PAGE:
- On July 1, 2016 the plaintiff received a bill from the defendant company for $35,123. The description of the bill reads: “Mystery shopper reimbursement.” The itemised bill shows that the Glenroy Red Rooster store was servicing 18-23 mystery shoppers each day from January 15 to June 30. The plaintiff immediately contacted the defendant via email enquiring as to the amount.
- Within an hour of sending the email, the plaintiff received a text message:
Hope you don’t mind the bill? We are still within our rights and are sticking to the rules of the franchise agreement. -Nicholas
- The plaintiff received a response from a representative of the defendant:
Thank you for contacting us.
Red Rooster reserves the right to organise mystery shoppers to shop at any stores and store owners must reimburse Red Rooster. You can refer to this in Section 5(1) of the Franchise Agreement.
The bill must be paid by August 21 or we will have the right to strip you of your ownership of the store. You can refer to this in Section 1(2) of the Franchise Agreement.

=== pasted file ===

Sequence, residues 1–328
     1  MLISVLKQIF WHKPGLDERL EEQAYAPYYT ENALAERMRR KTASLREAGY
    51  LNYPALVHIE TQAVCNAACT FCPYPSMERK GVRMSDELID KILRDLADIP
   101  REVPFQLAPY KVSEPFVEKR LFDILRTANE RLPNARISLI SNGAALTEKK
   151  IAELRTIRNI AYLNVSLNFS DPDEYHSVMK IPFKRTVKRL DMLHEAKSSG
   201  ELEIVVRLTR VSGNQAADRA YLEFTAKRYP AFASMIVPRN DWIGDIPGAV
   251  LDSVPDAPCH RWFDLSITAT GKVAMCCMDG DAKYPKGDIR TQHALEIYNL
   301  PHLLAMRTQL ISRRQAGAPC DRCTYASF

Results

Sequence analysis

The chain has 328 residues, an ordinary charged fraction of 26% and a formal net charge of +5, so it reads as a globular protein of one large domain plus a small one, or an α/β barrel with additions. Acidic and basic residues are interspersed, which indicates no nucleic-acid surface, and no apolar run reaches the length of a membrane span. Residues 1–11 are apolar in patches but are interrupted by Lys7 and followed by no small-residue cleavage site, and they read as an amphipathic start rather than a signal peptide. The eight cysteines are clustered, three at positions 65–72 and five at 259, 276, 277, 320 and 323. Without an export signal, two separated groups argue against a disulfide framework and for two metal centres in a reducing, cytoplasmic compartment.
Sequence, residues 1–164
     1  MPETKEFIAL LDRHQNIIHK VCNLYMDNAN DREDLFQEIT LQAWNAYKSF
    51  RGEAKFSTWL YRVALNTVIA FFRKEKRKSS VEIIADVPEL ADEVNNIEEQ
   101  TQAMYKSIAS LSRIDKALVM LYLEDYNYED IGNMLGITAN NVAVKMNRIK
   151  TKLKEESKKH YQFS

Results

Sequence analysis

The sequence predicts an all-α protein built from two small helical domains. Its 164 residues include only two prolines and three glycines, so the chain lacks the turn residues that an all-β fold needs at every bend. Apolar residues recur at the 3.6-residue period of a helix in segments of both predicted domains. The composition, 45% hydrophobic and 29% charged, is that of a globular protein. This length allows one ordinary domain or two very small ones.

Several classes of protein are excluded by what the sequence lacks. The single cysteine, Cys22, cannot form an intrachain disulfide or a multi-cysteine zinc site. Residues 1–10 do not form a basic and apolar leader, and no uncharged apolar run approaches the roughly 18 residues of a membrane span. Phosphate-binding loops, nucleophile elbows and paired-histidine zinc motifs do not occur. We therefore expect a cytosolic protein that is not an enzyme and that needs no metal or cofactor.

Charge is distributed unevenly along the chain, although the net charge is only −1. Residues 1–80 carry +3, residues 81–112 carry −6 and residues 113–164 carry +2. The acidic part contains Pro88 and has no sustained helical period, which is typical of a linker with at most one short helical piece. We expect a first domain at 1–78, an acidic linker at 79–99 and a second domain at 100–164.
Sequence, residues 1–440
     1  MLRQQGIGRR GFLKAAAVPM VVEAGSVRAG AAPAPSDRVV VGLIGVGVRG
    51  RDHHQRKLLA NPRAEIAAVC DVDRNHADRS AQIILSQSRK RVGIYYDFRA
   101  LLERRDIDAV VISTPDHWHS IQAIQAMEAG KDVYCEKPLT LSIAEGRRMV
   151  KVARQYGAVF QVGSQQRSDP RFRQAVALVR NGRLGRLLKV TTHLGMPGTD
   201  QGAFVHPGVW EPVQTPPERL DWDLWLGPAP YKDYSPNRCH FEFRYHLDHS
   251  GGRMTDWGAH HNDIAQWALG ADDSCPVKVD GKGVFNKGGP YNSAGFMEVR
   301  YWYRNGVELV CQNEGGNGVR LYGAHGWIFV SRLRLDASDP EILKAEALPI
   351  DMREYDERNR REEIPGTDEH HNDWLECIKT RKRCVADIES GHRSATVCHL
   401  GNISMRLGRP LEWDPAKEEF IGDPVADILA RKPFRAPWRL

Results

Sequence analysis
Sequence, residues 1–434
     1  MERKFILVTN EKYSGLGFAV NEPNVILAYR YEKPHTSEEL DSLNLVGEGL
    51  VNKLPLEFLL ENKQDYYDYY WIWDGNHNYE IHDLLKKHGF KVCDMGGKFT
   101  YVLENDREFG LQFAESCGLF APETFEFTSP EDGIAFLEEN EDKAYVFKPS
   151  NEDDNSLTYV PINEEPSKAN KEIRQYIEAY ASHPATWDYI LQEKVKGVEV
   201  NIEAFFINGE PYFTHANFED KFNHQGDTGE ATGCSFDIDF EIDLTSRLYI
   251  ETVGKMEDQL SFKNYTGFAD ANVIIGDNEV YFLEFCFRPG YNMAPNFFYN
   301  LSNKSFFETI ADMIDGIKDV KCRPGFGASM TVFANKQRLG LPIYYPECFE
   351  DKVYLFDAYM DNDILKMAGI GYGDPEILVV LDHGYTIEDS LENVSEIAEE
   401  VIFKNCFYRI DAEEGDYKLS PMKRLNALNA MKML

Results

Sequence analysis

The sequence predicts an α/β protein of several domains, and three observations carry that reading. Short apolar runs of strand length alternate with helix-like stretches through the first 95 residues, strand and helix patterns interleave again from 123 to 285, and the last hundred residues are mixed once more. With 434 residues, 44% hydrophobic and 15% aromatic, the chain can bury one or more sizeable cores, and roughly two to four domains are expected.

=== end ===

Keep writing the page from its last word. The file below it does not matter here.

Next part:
If there’s anything else I can help you with, please feel free to contact me.
Thank you and have a great day!
- The plaintiff examined the franchise agreement she signed in May 2015. The relevant section reads:
Red Rooster Foods Pty Ltd reserves the right to hire mystery shoppers for Red Rooster stores and the Franchisee agrees to reimburse Red Rooster Foods Pty Ltd for mystery shopper costs.
- The plaintiff responded to the defendant’s representative demanding they send no more than two mystery shoppers per week to the plaintiff’s restaurant and that she would take legal action if her demand was not met.
- The plaintiff paid the bill for $35,123 on August 19.
- On January 1, 2017 the plaintiff received another bill for $41,503. The description of the bill reads: “Mystery shopper reimbursement.” The itemised bill shows that the Glenroy Red Rooster store was servicing 21-25 mystery shoppers each day from July 1 to December 31.